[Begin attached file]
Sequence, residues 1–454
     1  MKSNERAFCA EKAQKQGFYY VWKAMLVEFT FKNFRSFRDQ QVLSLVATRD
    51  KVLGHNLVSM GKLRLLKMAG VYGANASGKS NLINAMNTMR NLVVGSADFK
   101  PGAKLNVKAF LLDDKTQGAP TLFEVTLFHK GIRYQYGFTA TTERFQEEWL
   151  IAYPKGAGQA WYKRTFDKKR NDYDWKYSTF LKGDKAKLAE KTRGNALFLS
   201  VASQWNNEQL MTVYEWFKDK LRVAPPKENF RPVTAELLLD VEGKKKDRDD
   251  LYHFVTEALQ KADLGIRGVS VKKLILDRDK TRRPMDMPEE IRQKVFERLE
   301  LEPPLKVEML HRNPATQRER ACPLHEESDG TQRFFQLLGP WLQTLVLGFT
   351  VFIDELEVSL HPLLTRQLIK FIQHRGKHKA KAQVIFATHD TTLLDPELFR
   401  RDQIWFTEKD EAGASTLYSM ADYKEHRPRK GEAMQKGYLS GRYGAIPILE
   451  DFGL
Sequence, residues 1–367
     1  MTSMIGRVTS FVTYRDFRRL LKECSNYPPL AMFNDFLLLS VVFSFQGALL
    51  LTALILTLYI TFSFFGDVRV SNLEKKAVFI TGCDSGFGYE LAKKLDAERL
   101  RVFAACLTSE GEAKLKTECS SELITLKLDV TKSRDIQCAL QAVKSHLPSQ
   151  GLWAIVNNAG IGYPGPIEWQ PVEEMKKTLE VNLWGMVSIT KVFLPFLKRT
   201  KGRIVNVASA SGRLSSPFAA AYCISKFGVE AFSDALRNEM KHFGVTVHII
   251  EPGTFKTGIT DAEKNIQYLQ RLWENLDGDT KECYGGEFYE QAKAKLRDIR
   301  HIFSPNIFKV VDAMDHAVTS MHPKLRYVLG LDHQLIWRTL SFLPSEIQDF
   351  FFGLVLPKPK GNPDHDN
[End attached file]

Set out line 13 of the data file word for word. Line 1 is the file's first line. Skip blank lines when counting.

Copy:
     1  MTSMIGRVTS FVTYRDFRRL LKECSNYPPL AMFNDFLLLS VVFSFQGALL